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What we lose when we lose the world’s frogs - Vox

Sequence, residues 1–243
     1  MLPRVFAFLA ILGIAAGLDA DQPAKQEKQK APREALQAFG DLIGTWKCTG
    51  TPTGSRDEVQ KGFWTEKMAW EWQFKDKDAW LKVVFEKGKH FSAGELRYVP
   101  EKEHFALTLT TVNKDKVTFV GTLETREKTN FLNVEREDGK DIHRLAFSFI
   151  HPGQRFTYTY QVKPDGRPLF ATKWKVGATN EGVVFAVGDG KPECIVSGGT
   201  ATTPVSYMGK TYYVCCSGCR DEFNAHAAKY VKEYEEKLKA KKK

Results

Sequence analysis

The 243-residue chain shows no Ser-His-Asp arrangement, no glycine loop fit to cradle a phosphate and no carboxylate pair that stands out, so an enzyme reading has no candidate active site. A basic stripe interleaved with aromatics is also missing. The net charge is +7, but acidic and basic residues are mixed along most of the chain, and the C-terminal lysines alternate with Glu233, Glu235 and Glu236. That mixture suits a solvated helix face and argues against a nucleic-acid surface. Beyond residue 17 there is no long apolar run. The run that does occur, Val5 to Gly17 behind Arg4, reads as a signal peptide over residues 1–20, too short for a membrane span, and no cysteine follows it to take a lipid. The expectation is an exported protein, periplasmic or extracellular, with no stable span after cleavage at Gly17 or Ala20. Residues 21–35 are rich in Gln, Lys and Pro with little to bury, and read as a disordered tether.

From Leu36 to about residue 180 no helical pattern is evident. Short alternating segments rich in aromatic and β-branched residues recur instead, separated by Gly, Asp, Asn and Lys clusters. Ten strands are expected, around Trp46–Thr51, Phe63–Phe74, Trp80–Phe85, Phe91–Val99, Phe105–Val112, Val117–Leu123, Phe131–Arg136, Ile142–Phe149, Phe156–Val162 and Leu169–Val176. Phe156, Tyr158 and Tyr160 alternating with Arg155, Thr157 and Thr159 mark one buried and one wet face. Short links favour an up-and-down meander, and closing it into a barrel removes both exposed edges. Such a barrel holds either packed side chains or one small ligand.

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Historically, the Sierra Nevada yellow-legged frog was the most abundant amphibian in the mountain range that encompasses Yosemite National Park. “If all of the trees in the sierra Nevadas suddenly disappeared, people would be very concerned,” Roland Knapp, a research biologist at UC Santa Barbara’s Marine Science Institute, says. Truly nothing.” And a great percent of the losses are due to one disease: Batrachochytrium dendrobatidis, sometimes called BD or the chytrid fungus, which is one of the biggest threats to amphibians worldwide.